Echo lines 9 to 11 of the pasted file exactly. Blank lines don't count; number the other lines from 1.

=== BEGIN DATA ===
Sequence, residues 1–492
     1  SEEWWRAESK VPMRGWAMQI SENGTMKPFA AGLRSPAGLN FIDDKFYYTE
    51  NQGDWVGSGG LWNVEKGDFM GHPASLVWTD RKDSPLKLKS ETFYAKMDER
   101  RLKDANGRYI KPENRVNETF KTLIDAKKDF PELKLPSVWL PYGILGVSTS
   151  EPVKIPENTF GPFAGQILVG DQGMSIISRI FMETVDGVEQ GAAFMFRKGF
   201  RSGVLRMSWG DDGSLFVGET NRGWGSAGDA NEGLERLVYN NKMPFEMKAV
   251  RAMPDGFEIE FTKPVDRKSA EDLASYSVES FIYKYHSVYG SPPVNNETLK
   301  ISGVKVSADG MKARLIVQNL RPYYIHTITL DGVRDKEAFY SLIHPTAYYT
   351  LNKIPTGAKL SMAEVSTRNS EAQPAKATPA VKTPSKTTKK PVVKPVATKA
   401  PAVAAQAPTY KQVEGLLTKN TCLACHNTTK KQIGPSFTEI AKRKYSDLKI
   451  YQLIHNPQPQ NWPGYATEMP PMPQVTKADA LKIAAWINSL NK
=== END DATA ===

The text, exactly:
   351  LNKIPTGAKL SMAEVSTRNS EAQPAKATPA VKTPSKTTKK PVVKPVATKA
   401  PAVAAQAPTY KQVEGLLTKN TCLACHNTTK KQIGPSFTEI AKRKYSDLKI
   451  YQLIHNPQPQ NWPGYATEMP PMPQVTKADA LKIAAWINSL NK